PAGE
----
The Douglas Aircraft Company built this particular C-54E in 1945 for the Army Air Force. Six months later, they turned it over to the Navy. The Marine Corps flew it as an R5D out of the Marine Corps Air Station in El Toro, Calif., until it went into storage in 1973. Converted in 1976 to a civilian airplane, it flew auto parts in Canada until 1991, when it went back into storage. The foundation acquired it the following year.

“We began with very primitive displays,” said Chopp. “It’s been a slow process of building it to what it is today. What you see now is 22 years’ worth of work.”

The mission is getting the word out


The organization is very aggressive about presenting the educational aspect of the Berlin Airlift to the public.

“Doing about 30 shows, we put about 120 hours a year on the airframe,” he said. “The airplane is more than 70 years old, but it only has 27,600 hours on the airframe, so it’s still relatively young.”

They do other events besides air shows.

“We did a salute to veterans in Norfolk, Va. recently, and we’ll go to airport openings and special educational events for school kids,” he said. “We did one in Puerto Rico in March. We go to air shows for the funding, but we want to be a flying classroom. We want to focus on our mission—to educate folks, especially children.”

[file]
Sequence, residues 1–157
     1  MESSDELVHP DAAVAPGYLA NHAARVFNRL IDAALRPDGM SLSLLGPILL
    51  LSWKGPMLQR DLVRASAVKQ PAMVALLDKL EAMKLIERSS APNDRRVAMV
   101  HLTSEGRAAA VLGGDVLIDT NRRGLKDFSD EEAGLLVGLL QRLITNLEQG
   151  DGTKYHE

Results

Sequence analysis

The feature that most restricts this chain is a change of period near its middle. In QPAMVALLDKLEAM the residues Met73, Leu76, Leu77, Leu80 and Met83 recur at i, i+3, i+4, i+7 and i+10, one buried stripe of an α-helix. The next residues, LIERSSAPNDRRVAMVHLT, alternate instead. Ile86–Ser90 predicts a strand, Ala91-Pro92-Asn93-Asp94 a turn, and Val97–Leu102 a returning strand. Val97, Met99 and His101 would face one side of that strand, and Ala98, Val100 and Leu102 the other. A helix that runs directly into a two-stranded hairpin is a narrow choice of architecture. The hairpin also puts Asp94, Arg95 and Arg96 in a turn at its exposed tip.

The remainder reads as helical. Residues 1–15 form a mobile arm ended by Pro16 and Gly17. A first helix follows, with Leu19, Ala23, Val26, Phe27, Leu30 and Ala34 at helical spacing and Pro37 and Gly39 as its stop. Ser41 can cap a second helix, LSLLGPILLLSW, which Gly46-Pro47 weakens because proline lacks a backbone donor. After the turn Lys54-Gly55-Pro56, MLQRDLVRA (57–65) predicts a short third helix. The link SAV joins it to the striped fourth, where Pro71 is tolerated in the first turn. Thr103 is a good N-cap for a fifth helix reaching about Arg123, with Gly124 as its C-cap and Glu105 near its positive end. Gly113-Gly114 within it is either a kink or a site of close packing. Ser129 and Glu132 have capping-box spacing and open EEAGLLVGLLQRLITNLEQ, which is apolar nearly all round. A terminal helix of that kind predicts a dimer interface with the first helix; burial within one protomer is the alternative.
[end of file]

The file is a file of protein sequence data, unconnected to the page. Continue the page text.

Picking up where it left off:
“The world of transports in the warbird community is a lonely world,” he said. “We have to slug it out every year. We don’t have the bomber attraction. We’ve had this challenge with us from the beginning. It never ends, and we never let up on the mission to educate. We have a saying: ‘It’s all about the mission.’ We do what’s necessary to get the mission done. We’ve done our job if someone walks away from the airplane saying, “Wow, I learned something. It was well worth my time.'”

Finding the right people

The Berlin Airlift Historical Foundation has about 500 members, but Chopp said that like most groups, a small number do the actual work.

“We try to select crews that are here for the right reasons,” he said. “It’s tough to find the right people. We want someone who will do the glory jobs as well as the dirty jobs—people who are enthusiastic about the work, whether it’s sweeping the hangar floor, cleaning a toilet or helping show the plane. We want people who willingly go beyond their comfort zone to fix the airplane.”

Kearney said the team consists of “average people.”